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Environment

The Other Side of the Story That You Didn’t Hear

By | Environment, Shopfloor Main, Shopfloor Policy | No Comments

I was struck by The New York Times article on Okla. Attorney General Scott Pruitt, the nominee to be Environmental Protection Agency (EPA) administrator, and the settlement of a long-simmering Arkansas poultry runoff case. I encourage you to take a look at a very different side of the story and its impact here.

It’s fascinating to see the nature of the criticism being leveled against Mr. Pruitt by environmental groups, former EPA administrators and other opponentsand here’s why: he doesn’t view the EPA’s role, and his potential role as administrator, the same way they do. He’s different. And they don’t like it.

But shouldn’t he be different? Shouldn’t he represent change from the status quo? Voters just elected Donald Trump president, in large part, because he pledged to be a disruptor, to dramatically change the way the federal government interacts withwell, everyone. The EPA is no exception. Read More

EPA Midterm Review of Fuel Economy Standards the Latest Example of Why Change Is Needed

By | Environment, Shopfloor Policy | No Comments

Until recently, the automobile industry’s work with the Environmental Protection Agency (EPA) on fuel economy standards had been a great example of how a federal agency and a regulated industry can put politics aside and work together toward a common goal.

Today, the EPA chose to make it political.

The agency jammed through a midnight regulation locking in fuel economy standards for automobiles 14 months before it was supposed to actually complete the rule, relying instead on outdated data. The agency also drastically cut short the opportunity for meaningful public comment and technical review, giving stakeholders less than 30 days from publication in the Federal Register. The EPA also appears to have skipped federal oversight or review by the Office of Management and Budget and excluded the National Highway Traffic Safety Administration, which has been issuing joint fuel economy rules with the EPA since the late 2000s.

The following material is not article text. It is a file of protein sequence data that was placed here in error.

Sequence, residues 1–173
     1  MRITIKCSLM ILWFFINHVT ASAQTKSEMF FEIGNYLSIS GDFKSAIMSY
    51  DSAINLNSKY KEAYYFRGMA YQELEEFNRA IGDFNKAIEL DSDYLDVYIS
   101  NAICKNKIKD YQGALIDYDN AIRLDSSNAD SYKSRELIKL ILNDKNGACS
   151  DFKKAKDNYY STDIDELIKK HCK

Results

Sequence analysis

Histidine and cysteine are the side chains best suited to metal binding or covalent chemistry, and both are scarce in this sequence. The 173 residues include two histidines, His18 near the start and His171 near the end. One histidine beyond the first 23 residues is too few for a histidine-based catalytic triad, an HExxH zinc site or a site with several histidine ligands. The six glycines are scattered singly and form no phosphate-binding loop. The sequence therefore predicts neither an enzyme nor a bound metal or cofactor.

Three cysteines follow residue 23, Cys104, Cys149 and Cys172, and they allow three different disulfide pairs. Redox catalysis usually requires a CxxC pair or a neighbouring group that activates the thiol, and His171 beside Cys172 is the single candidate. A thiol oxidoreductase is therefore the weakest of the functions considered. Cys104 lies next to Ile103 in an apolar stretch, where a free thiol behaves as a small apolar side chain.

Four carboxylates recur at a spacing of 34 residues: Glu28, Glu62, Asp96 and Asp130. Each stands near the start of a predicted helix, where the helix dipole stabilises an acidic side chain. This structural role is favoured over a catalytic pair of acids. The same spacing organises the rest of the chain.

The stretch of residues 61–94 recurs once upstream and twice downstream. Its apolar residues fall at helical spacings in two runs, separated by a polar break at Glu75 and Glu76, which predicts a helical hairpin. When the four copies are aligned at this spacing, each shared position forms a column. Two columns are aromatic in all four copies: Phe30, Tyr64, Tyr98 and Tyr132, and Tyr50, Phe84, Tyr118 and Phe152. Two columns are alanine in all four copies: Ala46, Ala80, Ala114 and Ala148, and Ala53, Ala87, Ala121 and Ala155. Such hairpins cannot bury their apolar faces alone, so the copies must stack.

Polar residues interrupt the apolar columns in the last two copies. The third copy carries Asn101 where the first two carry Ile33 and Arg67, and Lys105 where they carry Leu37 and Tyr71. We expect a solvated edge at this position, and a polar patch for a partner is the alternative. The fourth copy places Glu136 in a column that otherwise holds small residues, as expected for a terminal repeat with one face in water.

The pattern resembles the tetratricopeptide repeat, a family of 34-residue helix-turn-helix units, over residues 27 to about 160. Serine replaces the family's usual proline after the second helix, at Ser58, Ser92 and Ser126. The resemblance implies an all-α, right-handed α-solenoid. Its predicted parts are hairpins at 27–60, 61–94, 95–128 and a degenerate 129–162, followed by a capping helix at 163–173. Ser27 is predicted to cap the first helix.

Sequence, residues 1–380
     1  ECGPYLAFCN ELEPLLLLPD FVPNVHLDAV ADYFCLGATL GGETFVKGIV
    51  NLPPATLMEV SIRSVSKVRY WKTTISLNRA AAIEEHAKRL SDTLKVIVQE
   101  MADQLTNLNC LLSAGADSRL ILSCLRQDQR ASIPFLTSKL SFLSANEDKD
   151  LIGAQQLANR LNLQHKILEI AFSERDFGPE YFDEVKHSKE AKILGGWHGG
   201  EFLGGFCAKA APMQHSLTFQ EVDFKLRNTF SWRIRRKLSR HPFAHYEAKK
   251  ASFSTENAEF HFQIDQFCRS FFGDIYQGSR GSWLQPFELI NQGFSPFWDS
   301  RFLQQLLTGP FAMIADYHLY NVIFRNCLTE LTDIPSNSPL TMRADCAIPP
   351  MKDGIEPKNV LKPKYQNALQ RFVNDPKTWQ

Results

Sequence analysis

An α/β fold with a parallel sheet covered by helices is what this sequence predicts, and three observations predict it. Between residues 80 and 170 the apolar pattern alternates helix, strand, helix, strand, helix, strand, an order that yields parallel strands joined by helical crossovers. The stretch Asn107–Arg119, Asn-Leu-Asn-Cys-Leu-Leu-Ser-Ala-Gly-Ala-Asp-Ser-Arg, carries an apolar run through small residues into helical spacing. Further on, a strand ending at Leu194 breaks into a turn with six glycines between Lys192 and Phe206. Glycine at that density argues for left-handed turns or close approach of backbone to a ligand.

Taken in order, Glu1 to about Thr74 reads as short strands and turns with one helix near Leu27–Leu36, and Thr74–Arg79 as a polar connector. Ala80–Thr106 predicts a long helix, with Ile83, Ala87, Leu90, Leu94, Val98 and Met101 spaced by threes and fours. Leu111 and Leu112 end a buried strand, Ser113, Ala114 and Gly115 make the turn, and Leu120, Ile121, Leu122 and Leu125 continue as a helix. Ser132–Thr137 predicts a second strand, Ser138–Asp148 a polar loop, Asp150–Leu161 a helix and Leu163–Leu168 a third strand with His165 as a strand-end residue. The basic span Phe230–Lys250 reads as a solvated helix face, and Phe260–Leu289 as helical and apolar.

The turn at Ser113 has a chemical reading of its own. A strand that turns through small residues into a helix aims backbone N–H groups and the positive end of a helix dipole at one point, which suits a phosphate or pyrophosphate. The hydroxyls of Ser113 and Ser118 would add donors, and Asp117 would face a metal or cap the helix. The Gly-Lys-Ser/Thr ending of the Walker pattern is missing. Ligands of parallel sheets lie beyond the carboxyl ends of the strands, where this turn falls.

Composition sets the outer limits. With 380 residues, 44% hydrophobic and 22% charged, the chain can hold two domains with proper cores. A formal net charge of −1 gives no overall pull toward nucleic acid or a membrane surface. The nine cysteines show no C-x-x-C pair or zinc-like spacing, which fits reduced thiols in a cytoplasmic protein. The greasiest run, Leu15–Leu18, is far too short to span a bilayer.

The fuel economy and greenhouse gas rules were supposed to be a shining example of how the EPA, other federal agencies, states and the industry can work together to drive environmental progress, technological innovation and economic growth. While more work was, and is, needed to fully realize that vision, the EPA had a chance to ride off into the sunset having built the framework for a collaborative model that could have lasted several more administrations. Instead, it chose politics.

A lot will be made in the coming weeks about the transition to new leadership at the EPA. The NAM released a seven-figure, multistate paid advertising campaign to support the nomination of Okla. Attorney General Scott Pruitt for EPA administrator. When manufacturers and others note their optimism at the prospect of more balance, better process and more reasonable outcomes, it’s actions like today’s by the EPA that motivate a lot of those feelings.